At the end of the two-voice part of the book, I had two theory questions. I think I now have educated guesses at the answers.
Q: Why is there no mode corresponding to B?
A: Because this would be a mode without a perfect 5th. (B-F is an augmented 4th. B-G is an augmented 5th. The perfect 5th above B requires an accidental-- that's the only white key for which this is true.) Aloysius seems adamant that the perfect 5th is the interval that establishes the mode in the listener's ear, and so there can be no mode associated with B.
Q: What's the difference between an augmented 4th, a diminished 5th, and a tritone?
Augmented 4th and diminished 5th refer to the same degree in every mode. They are synonyms. "Tritone" refers to this same degree, and is, in an equi-tempered world, a third synonym. Near as I can tell, it has its own name because, in a world of different temperings, there were some keys in which the augmented 4th/diminished 5th was especially hard on the ears. It was sometimes called "the wolf," after the terrifying howl it made. I assume "tritone" or "devil's interval" was reserved for these particularly heinous instances of the augmented 4th (which is not, in equi-temperament, especially hard on the ears).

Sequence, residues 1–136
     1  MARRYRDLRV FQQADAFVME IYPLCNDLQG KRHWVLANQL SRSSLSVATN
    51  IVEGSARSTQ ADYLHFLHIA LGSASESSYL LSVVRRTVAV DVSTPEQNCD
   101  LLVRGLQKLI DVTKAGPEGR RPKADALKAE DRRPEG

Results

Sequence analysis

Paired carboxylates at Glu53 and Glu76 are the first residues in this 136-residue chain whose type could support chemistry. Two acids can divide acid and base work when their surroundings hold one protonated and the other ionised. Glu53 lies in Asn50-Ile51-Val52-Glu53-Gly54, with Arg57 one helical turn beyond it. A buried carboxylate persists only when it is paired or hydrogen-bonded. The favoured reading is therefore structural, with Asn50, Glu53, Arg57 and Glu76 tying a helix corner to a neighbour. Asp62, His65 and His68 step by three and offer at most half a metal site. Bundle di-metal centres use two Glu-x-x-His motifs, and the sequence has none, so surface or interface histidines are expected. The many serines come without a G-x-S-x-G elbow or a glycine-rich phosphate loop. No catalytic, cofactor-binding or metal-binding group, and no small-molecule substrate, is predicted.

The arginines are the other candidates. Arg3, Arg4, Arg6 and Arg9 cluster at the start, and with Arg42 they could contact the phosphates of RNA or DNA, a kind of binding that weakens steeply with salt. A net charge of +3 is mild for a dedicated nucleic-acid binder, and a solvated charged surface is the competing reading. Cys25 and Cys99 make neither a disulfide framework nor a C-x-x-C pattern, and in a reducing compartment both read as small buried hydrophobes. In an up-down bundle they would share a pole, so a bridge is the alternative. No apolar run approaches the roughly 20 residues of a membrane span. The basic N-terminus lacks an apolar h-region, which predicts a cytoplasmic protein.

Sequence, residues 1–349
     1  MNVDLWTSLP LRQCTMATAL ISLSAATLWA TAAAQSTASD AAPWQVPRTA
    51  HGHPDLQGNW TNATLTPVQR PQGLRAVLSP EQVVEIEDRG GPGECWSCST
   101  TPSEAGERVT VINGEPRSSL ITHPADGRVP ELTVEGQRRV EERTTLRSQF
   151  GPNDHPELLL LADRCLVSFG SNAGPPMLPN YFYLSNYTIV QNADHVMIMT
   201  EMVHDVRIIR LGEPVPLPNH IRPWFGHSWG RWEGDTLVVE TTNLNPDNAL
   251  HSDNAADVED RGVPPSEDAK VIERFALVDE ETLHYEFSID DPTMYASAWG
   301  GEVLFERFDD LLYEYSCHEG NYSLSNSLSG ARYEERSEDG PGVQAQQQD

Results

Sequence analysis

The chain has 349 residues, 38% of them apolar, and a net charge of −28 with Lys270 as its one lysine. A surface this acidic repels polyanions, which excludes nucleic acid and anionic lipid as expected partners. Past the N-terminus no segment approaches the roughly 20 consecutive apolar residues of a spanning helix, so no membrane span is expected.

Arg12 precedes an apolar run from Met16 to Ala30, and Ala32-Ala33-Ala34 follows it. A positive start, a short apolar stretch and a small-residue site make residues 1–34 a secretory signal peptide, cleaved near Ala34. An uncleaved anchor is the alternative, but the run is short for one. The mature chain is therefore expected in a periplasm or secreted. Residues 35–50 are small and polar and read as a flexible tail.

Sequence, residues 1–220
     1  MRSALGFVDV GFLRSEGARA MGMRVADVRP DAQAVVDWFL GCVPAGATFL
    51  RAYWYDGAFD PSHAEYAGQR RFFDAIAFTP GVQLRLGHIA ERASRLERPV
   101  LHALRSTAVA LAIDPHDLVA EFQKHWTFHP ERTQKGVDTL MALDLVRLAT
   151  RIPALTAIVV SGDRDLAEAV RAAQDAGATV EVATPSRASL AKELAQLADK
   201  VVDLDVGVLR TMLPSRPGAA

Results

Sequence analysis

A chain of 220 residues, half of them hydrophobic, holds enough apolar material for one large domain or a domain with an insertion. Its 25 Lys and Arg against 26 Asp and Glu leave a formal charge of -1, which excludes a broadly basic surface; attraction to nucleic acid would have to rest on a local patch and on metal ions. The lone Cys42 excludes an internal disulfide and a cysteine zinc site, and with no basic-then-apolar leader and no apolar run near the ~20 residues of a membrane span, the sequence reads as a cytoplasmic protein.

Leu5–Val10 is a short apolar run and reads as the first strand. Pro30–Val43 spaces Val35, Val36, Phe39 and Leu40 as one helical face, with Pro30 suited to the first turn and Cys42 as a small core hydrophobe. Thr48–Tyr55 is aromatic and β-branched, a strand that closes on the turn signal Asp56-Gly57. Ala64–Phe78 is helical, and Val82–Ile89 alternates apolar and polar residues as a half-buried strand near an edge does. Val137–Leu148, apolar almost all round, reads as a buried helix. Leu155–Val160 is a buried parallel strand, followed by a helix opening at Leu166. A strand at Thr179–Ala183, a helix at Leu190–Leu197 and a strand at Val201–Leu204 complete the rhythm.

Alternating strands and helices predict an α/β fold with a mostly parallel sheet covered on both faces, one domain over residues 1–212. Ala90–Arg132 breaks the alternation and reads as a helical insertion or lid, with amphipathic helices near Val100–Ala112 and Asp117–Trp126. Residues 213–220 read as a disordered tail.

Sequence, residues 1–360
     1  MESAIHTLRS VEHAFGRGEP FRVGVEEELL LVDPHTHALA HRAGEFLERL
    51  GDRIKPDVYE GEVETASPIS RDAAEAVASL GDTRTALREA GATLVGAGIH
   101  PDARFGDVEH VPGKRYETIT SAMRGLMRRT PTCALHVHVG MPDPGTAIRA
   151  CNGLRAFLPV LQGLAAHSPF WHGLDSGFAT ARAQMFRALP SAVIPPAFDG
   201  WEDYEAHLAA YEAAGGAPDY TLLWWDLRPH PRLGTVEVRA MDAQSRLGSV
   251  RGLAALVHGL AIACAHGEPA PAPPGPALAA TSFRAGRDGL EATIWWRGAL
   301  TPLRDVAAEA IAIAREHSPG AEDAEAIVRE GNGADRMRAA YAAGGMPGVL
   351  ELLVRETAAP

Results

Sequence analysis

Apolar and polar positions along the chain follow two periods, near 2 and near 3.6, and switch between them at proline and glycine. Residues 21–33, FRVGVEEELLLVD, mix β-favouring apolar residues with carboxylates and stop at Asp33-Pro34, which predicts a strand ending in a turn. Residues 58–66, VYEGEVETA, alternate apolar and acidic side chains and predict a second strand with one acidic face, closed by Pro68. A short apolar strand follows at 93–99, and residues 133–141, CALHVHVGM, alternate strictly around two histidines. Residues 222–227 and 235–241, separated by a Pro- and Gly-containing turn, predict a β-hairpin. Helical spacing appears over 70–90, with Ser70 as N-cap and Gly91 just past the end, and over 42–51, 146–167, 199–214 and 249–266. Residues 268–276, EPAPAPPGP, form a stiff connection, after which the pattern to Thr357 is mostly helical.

This answer is extrapolated from an excellent and fascinating article on tuning by Jan Swafford: The Wolf at Our Heels.